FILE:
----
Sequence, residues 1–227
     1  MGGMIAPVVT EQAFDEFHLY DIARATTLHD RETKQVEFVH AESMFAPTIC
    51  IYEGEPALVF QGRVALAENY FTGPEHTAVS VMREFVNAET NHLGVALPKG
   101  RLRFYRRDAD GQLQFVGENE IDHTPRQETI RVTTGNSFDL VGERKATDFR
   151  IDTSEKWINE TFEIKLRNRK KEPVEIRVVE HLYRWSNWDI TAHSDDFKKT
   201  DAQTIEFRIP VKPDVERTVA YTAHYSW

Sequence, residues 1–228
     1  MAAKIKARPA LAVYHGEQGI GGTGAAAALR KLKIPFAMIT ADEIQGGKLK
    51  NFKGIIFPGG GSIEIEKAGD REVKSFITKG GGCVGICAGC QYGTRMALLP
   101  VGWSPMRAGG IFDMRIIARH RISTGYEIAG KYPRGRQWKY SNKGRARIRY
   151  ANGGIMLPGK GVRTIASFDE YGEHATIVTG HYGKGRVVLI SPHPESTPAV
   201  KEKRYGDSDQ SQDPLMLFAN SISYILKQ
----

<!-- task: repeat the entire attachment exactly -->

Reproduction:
Sequence, residues 1–227
     1  MGGMIAPVVT EQAFDEFHLY DIARATTLHD RETKQVEFVH AESMFAPTIC
    51  IYEGEPALVF QGRVALAENY FTGPEHTAVS VMREFVNAET NHLGVALPKG
   101  RLRFYRRDAD GQLQFVGENE IDHTPRQETI RVTTGNSFDL VGERKATDFR
   151  IDTSEKWINE TFEIKLRNRK KEPVEIRVVE HLYRWSNWDI TAHSDDFKKT
   201  DAQTIEFRIP VKPDVERTVA YTAHYSW

Sequence, residues 1–228
     1  MAAKIKARPA LAVYHGEQGI GGTGAAAALR KLKIPFAMIT ADEIQGGKLK
    51  NFKGIIFPGG GSIEIEKAGD REVKSFITKG GGCVGICAGC QYGTRMALLP
   101  VGWSPMRAGG IFDMRIIARH RISTGYEIAG KYPRGRQWKY SNKGRARIRY
   151  ANGGIMLPGK GVRTIASFDE YGEHATIVTG HYGKGRVVLI SPHPESTPAV
   201  KEKRYGDSDQ SQDPLMLFAN SISYILKQ